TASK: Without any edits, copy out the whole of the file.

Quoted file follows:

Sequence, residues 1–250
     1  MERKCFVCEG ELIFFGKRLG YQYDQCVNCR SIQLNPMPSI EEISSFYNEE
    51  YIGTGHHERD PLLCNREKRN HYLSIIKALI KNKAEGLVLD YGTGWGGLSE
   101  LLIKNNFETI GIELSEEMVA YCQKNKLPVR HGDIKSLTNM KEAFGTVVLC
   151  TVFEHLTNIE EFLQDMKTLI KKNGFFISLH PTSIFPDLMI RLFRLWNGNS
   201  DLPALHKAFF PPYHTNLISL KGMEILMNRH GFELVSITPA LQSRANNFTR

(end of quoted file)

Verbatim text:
Sequence, residues 1–250
     1  MERKCFVCEG ELIFFGKRLG YQYDQCVNCR SIQLNPMPSI EEISSFYNEE
    51  YIGTGHHERD PLLCNREKRN HYLSIIKALI KNKAEGLVLD YGTGWGGLSE
   101  LLIKNNFETI GIELSEEMVA YCQKNKLPVR HGDIKSLTNM KEAFGTVVLC
   151  TVFEHLTNIE EFLQDMKTLI KKNGFFISLH PTSIFPDLMI RLFRLWNGNS
   201  DLPALHKAFF PPYHTNLISL KGMEILMNRH GFELVSITPA LQSRANNFTR